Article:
Presto News - 14th May 2012
Handel in England
Handel spent so much of his career in London that he’s often thought of as a sort of honorary Englishman, and I have recordings of three of his English-language works to tell you about today.
Top of the pile is the Edinburgh-based Dunedin Consort’s Esther. Recordings of this work aren’t exactly thick on the ground and this fresh, vital performance left us wondering how on earth it’s been so eclipsed by Judas Maccabeus and Samson. As well as having a strong dramatic impetus which put me in mind of the Bach Passions in places, the score is an absolute treasure-trove of arias: highlights include the alto lament ‘O Jordan, Jordan, sacred tide’ (ravishingly sculpted by a plangent Robin Blaze), Esther’s defiant rage aria ‘Bloody wretch’ and the gorgeous pair of tenor arias in which the king Assuerus puts love before duty.
The ever-excellent James Gilchrist is at his most mellifluous here, and like his fellow soloists blends seamlessly into the whole for the choruses. As in the Dunedin’s acclaimed Matthew Passion, the forces are small and because of the relatively large number of characters, most singers step out for a solo role.
The titular heroine is sung by the Dunedin’s co-founder Susan Hamilton. Hers is a very light, bright, almost treble-like instrument and on first hearing I did hanker after something a bit plusher and more substantial, but as John Butt points out in his booklet note, the scoring of Esther’s arias suggests that Handel wrote the role for a small voice (perhaps even for a boy) so the casting here sits well with the group’s focus on authenticity.
We’ve also been enjoying Handel’s little-known incidental music for Tobias Smollett’s Alceste, which sadly never made it to the stage for reasons which aren’t entirely clear. The booklet note suggests that the project may have run out of financial steam, or that tensions may have arisen between composer and producer. Only fragments survive, and for the most part the singers don’t portray actual characters, so the narrative isn’t continuous, but there’s no lack of direction or drama for all that.
Some of the finest music was written for the soprano (Thomas Arne’s wife Cecilia Young) and Lucy Crowe is ravishing: it’s worth getting this disc just to hear her liquid middle register and hypnotic phrasing in the beautiful ‘Gentle Morpheus’. Andrew Foster-Williams is gleefully baleful as the infernal oarsman Charon, and Benjamin Hulett sings with distinctive tone and a fine sense of line in his three gorgeous arias.
Also recently released is an audio recording of Glyndebourne’s 1996 Theodora, already something of a legend in its own lifetime thanks to the late Lorraine Hunt Lieberson’s sublime Irene and Peter Sellars’s controversial but much-praised production. Released on DVD back in 2004, Sellars’s staging of the oratorio (which is more usually performed in concert form) transplants the story of state-sanctioned religious persecution to modern-day America.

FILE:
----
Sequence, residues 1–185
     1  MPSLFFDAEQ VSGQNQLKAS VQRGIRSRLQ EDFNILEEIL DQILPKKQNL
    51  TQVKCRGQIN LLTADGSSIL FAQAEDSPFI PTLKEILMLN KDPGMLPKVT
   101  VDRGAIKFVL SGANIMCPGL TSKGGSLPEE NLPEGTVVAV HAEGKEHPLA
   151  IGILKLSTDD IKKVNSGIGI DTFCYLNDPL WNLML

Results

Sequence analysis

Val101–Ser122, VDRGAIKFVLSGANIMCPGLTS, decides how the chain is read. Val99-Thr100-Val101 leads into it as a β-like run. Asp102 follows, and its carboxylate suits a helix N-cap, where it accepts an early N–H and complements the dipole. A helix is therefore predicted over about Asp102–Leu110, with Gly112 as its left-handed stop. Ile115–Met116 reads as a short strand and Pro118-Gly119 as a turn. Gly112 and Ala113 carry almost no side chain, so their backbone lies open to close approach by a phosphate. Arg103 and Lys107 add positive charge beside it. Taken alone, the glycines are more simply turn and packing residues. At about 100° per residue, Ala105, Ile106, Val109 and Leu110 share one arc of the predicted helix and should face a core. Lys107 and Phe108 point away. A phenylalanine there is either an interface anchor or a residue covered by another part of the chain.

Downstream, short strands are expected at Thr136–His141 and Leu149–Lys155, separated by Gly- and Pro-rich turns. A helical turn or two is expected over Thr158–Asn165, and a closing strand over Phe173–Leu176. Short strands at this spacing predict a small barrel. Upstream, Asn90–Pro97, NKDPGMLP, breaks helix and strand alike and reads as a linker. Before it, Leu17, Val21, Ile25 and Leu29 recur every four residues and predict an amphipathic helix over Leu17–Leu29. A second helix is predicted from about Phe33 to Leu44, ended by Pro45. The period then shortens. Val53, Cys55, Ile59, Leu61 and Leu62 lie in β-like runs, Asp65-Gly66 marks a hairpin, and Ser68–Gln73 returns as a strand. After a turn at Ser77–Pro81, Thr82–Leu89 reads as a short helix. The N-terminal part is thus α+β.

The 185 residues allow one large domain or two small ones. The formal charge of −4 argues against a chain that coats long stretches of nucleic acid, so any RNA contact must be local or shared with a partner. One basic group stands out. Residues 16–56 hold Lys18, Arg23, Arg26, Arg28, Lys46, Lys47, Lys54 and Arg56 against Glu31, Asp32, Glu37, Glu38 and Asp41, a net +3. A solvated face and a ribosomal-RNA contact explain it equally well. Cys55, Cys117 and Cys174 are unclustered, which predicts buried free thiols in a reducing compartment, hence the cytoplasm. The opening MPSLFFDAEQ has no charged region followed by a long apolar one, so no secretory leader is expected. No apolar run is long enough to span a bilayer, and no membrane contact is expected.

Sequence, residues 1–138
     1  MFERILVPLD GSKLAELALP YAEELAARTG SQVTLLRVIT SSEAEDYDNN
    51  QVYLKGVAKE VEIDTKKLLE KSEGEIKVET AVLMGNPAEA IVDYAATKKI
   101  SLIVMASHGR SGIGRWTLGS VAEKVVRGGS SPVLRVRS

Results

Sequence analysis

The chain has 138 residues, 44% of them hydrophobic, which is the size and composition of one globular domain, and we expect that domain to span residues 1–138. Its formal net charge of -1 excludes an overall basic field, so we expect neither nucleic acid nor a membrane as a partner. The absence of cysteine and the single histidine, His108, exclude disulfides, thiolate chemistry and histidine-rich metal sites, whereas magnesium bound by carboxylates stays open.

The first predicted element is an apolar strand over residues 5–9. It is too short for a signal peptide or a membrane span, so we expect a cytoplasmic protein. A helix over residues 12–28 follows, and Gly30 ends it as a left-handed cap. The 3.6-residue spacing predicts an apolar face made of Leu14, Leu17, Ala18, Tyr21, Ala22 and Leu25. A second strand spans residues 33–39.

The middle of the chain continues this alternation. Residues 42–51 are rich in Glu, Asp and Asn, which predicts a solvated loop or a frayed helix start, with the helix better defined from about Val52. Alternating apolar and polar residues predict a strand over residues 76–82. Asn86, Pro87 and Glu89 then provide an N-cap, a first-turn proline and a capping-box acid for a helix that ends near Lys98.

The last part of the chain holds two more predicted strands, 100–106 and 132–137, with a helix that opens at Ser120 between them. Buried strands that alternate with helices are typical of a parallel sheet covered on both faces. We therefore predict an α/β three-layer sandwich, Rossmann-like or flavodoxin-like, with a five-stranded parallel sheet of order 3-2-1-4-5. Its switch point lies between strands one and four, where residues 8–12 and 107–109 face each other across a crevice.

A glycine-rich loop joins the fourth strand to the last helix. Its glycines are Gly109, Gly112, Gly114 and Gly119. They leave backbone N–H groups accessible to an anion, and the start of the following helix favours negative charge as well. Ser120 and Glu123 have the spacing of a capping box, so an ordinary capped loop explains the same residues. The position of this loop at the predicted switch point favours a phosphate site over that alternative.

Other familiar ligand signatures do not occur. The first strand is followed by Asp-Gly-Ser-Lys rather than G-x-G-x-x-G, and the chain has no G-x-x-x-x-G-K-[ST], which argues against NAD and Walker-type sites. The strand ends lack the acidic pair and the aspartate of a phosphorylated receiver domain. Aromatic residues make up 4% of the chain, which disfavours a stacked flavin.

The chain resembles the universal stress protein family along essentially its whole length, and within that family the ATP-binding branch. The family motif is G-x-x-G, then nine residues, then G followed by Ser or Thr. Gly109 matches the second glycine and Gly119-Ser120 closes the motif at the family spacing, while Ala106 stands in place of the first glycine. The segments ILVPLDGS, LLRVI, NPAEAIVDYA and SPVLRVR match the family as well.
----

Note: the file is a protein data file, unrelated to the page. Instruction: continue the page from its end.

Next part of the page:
In this live recording the theatricality leaps out of the speakers in more ways than one: the footsteps and the hysterical laughter of the chorus remain, but more importantly, the ambivalent vision which made Sellars’s production so powerful is tangible even without the visual dimension. We sense the underlying fanaticism of Lieberson’s rapturous Irene as well as all the bullish insecurity of Frode Olsen’s governor; Richard Croft’s supremely-sung Septimius veers between baffled frustration and empathy like a Greek Chorus, and it’s a treat to hear the young David Daniels (in his UK stage debut, if I remember rightly) singing with such sweet-toned focus.
Like many die-hard Handelians, I already own and cherish the DVD, but it’s good to have this superlative performance in portable form, and those of you who prefer your Handel oratorio sans orange jumpsuits and lethal injections will surely welcome the chance to hear it in sound-only.
Susan Hamilton (Esther), Nicholas Mulroy (Mordecai), Matthew Brook (Haman), Thomas Hobbs (1st Israelite), Robin Blaze (Priest), James Gilchrist (Habdonah / Assuerus) & Electra Lochhead (Israelite Boy); Nicholas Wearne (organ continuo), Dunedin Consort, John Butt
Lucy Crowe (soprano), Benjamin Hulett (tenor) & Andrew Foster-Williams (bass-baritone), Early Opera Company, Christian Curnyn
Handel: Theodora, HWV 68
Frode Olsen (Valens), David Daniels (Didymus), Richard Croft (Septimius), Dawn Upshaw (Theodora), Lorraine Hunt (Irene), Michael Hart-Davis (Messenger) & William Christie (conductor, continuo), Orchestra of the Age of Enlightenment & The Glyndebourne Chorus
Katherine Cooper - email@example.com
BBC Radio 3 CD Review
Saturday 12th May 2012
Building a Library - Chopin: Mazurkas Nos. 1-51
Adam Harasiewicz (piano)
Disc of the Week
Wagner Transcriptions Volume 5: Orchestral Works
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